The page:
Should we sit back and let the market do its job or should we capitalise on the new interest and political will from governments around the world to do more? I believe now is the time to strike, before the wave of interest in sanitation breaks and the world finds other issues to care about. A radically new approach is required, however. My vision begins by signing up five go-ahead cities, municipal governments who are ambitious to meet their SDG targets and who work with the development banks to agree a level of sanitation service that is desirable and acceptable while offering a unit price for the services. For example, the city will guarantee any service provider $10.00 per household per month in return for the provision of safe, effective, environment-friendly, human and domestic waste removal. This offer attracts the big sanitation players who compete to offer services, and, spurred by the proven financial incentives, start innovating. This de-risks investment and creates a local market for components, products and services. Smaller SMEs, whether in manufacturing, transport, waste treatment or nutrient recovery then crowd in. Innovation starts to reduce costs, industry starts to turn a profit, new cities join in with new improved versions of this model, and the cities start to see visible improvement.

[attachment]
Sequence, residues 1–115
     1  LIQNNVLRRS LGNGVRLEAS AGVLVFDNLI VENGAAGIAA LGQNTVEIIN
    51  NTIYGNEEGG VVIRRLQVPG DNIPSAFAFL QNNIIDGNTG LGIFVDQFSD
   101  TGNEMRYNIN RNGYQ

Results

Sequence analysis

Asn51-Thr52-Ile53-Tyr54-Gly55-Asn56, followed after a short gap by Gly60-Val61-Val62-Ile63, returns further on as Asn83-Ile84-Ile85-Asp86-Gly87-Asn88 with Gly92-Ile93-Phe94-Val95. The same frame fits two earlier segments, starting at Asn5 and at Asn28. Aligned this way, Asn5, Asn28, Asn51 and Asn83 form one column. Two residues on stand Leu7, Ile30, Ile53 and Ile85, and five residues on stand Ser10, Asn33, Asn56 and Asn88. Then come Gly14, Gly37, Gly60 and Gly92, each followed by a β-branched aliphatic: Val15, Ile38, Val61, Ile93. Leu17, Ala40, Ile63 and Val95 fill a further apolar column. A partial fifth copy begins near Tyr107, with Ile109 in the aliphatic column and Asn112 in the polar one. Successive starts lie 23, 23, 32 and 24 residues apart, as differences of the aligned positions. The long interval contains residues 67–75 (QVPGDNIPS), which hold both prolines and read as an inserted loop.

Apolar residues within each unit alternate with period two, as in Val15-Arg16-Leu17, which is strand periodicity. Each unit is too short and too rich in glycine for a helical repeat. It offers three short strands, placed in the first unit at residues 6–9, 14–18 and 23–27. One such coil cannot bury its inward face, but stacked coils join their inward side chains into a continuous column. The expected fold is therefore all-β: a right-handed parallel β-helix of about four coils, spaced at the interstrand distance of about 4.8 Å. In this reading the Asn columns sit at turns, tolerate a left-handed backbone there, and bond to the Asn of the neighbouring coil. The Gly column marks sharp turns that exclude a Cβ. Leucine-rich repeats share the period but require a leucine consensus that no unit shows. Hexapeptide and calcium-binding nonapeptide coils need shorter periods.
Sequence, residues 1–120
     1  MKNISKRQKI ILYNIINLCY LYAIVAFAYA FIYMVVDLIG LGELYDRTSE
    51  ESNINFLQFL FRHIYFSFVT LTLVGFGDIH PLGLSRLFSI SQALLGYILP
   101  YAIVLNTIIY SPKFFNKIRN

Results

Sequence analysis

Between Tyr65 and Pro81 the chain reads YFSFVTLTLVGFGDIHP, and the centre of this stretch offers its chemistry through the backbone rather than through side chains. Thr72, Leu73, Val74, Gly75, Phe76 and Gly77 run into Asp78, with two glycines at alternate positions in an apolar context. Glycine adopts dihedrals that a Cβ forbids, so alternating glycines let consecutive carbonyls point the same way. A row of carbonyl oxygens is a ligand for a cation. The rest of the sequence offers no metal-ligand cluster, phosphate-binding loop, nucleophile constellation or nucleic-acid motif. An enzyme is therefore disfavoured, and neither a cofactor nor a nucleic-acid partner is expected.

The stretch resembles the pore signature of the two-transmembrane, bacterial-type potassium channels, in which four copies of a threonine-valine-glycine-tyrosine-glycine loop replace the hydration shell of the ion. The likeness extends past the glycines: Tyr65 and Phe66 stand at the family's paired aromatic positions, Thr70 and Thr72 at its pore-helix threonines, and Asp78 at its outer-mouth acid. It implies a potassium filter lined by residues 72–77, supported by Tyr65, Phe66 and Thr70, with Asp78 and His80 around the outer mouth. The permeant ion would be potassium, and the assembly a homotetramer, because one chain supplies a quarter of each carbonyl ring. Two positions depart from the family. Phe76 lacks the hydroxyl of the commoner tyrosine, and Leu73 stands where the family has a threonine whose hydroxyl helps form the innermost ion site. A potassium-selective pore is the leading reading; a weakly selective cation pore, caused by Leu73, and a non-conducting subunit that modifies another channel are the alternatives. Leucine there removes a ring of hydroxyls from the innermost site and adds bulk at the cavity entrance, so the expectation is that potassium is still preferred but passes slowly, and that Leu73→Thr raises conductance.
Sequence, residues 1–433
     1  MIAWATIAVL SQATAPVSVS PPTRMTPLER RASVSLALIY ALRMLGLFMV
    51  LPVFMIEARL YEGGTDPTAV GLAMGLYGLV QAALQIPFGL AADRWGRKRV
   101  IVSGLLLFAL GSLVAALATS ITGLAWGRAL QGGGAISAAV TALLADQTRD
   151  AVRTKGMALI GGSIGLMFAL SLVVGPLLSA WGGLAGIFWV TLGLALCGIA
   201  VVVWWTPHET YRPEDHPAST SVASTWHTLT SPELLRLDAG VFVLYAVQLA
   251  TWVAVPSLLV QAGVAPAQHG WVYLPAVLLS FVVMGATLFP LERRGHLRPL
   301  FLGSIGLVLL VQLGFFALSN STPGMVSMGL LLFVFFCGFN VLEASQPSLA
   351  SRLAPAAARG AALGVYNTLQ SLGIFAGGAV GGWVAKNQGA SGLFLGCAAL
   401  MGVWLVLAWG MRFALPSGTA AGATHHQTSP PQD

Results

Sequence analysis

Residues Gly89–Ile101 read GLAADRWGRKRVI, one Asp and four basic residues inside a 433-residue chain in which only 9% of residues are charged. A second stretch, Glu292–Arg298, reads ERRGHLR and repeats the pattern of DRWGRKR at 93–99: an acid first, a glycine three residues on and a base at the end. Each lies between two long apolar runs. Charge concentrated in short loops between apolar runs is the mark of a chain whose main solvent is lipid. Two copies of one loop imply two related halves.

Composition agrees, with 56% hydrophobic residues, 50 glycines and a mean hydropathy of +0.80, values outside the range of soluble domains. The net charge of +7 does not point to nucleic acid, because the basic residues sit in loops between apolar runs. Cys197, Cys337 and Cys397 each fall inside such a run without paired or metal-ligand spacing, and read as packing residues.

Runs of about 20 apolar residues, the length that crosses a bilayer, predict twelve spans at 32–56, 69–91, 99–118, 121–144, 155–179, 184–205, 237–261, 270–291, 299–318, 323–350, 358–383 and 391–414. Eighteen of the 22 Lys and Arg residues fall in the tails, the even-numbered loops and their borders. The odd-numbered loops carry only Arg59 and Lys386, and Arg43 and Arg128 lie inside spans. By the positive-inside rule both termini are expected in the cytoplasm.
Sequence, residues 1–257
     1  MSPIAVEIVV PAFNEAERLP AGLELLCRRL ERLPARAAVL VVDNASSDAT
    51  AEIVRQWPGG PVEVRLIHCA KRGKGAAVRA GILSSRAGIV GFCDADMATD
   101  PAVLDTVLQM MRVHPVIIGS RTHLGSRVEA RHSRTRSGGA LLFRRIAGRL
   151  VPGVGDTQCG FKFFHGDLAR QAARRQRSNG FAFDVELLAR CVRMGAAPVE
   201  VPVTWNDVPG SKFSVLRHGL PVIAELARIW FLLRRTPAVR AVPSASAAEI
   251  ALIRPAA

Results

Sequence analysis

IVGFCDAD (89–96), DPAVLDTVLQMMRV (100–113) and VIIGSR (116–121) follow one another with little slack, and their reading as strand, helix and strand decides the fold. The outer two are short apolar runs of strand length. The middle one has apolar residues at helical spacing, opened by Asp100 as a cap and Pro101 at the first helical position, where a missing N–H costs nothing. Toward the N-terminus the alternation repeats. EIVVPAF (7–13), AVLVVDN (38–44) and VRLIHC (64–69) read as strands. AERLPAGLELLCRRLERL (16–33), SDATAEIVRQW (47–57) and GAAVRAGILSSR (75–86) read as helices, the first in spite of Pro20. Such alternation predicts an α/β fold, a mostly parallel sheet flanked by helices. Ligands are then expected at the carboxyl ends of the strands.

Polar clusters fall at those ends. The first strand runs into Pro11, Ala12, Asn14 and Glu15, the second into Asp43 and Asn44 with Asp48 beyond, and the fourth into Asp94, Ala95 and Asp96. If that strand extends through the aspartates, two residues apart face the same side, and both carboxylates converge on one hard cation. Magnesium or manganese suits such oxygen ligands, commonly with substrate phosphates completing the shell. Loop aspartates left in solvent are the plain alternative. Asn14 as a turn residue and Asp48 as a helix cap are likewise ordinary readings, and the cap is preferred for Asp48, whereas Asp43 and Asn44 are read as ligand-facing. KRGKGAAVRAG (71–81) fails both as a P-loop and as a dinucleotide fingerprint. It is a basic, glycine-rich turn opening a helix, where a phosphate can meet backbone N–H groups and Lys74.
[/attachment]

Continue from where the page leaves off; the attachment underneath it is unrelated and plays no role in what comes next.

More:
Of course, cities are complex systems; new monitoring and regulatory systems will need to be developed. Financing mechanisms will also need to be designed, but could be based on the World Bank’s Payment for Results (P4R) programmes, which are a tried and tested development instrument. New blended finance models will need to emerge, where it will become clear who should pay for what.

This is a bold idea, and potentially a costly one; however, the sorts of sums needed are lower than the costs of building sewerage systems for cities. And the costs of not doing this are higher than doing it. For every dollar spent on sanitation, the economic return to countries is at least fourfold. It’s time to unblock our sanitation systems and start thinking big, or we will fall hopelessly short of our SDG targets. More importantly, if we don’t start doing this or something like it, it will be too late for a whole new generation of children, who will grow up in polluted cities with poor health, poor environments and a poor quality of life. It’s time to overcome our innate disgust and start seriously investing in toilets. Now that’s an attractive idea!

Professor Val Curtis is Director of the Environmental Health Group at the London School of Hygiene and Tropical Medicine, is author of ‘Don’t Look, Don’t Touch, the Science Behind Revulsion’. She co-founded Global Handwashing Day and advises the Indian and Tanzanian Governments on sanitation.